|Chicago's South Shore/Calumet area is one with an interesting industrial past, and is worth looking into to the Chicago historian. Starting just south and east of the City of Chicago border (also the Illinois/Indiana border), this area delves well into Indiana's shoreline.|
The South Shore has been, and still is, serviced by the Chicago South Shore & South Bend Railroad, which is as close as this area will get to commuter transportation. Originating in Chicago's Grant Park, the railroad runs the length of Lake Michigan's South Shore. At either end are nationally-ranked universities: The University of Chicago and Notre Dame. But this is where the similarities end. As the South Shore train leaves Chicago, riders quickly find themselves in the run-down, slums of Gary that were once the American Dream of suburban pioneers.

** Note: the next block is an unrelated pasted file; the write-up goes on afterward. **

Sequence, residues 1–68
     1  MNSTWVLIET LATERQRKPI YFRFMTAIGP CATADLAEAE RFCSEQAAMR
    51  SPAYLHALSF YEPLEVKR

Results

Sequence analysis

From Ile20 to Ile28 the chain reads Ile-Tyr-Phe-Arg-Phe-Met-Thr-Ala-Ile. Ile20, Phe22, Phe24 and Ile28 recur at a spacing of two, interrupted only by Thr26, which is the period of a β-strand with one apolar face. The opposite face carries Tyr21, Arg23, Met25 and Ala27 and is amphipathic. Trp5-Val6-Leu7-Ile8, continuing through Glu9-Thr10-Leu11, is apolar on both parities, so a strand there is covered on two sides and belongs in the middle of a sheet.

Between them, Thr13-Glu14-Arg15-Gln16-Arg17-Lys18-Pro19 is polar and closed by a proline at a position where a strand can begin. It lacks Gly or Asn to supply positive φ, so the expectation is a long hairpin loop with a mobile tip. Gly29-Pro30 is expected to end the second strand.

The magnificent strength of the steel industry built the region, yet the factories along the South Shore Line are increasingly underutilized; the area has become known as the "Rust Belt," a symbol of the disintegration of the steel mills along the lake.
Still, one does not have to be too optimistic to believe that the South Shore area will be great again. With its railway, highways, ample housing, and proximity to the city, it seems that it is only a matter of time before commuters take advantage the South Shore. Also, this area is situated a hop, skip, and a jump from the Indiana Dunes - a beautiful refuge of dunes, forest, and beach along the eastern shore of Lake Michigan.
The South Shore has a long way to go; crime is rampant and the infrastructure of many of these communities has faltered. But sooner or later those interested in living close to Chicago without raising a family in the City, or paying an arm and a leg for a condo, will converge on this area and revitalize its communities.